Space-time metadata provides an opportunity for digital humanities researchers to incorporate the contents of their work into historical visualizations like timelines and mappings. This section explains the rationale behind our metadata design and gives an example of how it could be applied.
For over twenty years the Text Encoding Initiative (TEI) has managed and developed a set of encoding guidelines for the digital representation of humanities, social science, and linguistics texts. Using the Extensible Markup Language (XML) as its backbone, TEI is the generally accepted encoding model for the digital humanities. History focused, space-time metadata needs to be compatible with TEI. We used the following criteria to design our own custom TEI-XML element.
At times, TEI can be pretty intense, especially if you are adding multiple child elements and attributes. Ideally, our model should have only one element with the bare minimum of attributes
Wherever possible, no abbreviations, no shortcuts. This probably means long element and attribute names, but users with no metadata experience should be able to look at the markup and be able deduce what it represents.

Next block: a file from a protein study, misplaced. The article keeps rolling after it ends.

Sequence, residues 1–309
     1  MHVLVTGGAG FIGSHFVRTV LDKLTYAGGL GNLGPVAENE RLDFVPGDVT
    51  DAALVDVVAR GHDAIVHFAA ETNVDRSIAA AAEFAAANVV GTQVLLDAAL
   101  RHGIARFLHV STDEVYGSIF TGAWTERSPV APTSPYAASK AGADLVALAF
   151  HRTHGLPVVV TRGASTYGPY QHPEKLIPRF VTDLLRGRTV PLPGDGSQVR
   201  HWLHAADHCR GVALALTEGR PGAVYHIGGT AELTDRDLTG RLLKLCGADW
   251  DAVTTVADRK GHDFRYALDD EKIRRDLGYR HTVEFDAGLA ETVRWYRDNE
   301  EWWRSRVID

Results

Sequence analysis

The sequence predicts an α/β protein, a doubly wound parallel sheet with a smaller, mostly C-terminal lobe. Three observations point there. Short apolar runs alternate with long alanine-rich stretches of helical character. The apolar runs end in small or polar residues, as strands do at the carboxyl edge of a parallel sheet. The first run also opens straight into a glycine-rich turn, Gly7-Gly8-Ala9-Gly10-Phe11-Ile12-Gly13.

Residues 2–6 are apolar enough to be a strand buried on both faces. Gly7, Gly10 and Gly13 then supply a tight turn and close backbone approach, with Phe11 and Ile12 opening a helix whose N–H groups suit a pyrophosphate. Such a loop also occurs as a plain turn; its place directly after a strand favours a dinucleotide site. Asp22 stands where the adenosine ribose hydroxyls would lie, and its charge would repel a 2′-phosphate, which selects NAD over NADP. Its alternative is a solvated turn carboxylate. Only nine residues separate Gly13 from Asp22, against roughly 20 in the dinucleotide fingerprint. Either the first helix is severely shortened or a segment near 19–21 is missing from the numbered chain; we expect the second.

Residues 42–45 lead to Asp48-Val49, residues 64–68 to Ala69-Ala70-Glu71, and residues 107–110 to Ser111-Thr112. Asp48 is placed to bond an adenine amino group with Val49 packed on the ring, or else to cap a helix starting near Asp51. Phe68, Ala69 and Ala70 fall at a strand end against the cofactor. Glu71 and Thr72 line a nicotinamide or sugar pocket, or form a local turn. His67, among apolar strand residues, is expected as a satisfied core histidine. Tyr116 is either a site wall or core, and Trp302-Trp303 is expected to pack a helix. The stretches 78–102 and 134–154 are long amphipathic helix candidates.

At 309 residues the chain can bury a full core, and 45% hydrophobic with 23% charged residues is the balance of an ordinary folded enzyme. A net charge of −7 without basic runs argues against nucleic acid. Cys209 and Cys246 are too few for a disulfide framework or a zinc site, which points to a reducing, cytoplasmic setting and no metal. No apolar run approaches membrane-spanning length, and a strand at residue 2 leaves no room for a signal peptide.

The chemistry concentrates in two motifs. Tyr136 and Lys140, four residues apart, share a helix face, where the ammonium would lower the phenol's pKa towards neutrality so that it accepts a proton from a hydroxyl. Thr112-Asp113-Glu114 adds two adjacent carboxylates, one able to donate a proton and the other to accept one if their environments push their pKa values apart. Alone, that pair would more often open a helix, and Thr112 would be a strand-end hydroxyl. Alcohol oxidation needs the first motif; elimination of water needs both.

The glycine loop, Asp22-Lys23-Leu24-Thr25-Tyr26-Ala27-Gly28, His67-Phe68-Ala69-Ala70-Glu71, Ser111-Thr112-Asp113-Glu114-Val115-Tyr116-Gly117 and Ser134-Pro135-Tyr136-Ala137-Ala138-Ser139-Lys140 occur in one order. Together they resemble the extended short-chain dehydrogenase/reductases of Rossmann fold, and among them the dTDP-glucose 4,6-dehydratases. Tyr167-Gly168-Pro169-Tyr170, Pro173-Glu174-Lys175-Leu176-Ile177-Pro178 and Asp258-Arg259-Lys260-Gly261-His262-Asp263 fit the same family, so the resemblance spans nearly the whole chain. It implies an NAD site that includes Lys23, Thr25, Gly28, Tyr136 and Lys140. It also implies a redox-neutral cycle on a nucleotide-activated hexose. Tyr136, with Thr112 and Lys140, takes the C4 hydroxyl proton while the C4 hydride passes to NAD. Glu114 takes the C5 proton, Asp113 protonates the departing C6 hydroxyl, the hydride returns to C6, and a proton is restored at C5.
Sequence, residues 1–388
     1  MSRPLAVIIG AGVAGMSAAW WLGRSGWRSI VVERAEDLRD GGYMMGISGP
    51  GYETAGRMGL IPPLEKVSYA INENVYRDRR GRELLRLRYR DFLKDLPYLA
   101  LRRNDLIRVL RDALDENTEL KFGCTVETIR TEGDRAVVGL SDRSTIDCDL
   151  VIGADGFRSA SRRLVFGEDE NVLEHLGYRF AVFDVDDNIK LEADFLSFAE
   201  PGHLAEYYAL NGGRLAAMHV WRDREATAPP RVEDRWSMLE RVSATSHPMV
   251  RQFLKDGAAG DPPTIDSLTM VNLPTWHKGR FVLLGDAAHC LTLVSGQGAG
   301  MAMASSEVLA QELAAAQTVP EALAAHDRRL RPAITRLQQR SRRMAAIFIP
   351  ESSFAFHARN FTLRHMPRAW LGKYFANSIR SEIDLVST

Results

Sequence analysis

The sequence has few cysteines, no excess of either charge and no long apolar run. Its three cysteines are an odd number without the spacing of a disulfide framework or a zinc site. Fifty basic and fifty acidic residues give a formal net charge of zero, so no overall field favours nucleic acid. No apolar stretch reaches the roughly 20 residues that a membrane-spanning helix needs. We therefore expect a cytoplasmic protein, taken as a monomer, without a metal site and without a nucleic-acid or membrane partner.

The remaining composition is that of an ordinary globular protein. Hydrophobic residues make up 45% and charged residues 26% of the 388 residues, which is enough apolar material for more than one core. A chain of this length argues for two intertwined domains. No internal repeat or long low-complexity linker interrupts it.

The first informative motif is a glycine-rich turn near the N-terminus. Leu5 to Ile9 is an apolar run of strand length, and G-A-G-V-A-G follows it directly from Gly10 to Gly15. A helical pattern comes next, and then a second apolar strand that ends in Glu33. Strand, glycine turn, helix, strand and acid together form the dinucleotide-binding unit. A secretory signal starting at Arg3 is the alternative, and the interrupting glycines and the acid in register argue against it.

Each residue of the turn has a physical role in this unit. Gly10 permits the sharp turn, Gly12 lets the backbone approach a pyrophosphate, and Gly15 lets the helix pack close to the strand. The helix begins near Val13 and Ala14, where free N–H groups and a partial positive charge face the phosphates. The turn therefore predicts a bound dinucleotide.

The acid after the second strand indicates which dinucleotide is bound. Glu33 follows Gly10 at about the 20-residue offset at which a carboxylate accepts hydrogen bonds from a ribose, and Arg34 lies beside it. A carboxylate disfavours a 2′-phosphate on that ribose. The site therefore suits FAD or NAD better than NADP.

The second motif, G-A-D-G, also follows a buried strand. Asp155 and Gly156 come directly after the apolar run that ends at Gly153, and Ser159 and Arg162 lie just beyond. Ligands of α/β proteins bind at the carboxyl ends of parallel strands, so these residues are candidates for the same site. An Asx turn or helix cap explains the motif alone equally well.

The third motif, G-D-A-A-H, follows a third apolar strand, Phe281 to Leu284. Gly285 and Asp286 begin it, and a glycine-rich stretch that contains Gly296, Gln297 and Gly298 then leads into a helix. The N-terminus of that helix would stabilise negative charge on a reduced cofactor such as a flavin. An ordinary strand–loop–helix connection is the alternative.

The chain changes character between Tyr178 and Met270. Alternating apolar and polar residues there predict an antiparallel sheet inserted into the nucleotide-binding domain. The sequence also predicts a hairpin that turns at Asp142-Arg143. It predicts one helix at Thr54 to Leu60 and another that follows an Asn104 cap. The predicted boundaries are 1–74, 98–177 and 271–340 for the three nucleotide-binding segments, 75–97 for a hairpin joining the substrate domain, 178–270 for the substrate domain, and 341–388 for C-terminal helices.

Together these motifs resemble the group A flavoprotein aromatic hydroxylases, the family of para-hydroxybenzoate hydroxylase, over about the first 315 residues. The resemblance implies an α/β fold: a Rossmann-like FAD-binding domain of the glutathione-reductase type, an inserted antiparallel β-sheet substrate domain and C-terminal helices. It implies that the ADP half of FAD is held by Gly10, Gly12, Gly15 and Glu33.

Attributes of the element should: follow TEI's customization guidelines; record latitude, longitude and altitude; emphasize ranges over exact points; be ISO 6709 and ISO 8601 compliant; and indicate what locale the space time data is relative to, for instance "earth".
Interoperability is the overriding principle. if we use something proprietary, there is a risk of restricted accessibility which then leads to decreased interoperability.
After multiple iterations, we came up with the following element.
Text of the historical event.
<historyEvent relative="earth" timeRange="1943-01-12T00:00:00/1943-01-12T23:59:59" spaceDiagonal="-23.4094+150.4739+37+11.3/-23.3341+150.5592+37+11.3/">
<head>Jan 12, 1943 - Rockhampton</head>
<p>Went on 3 hour alert this afternoon and as rumor has it, we are to leave for New Guinea in two days. Busy Packing all personal and Co. gear.</p> </historyEvent>
Currently, we have begun implementation and testing of this element using the John Slocum War Diaries Project.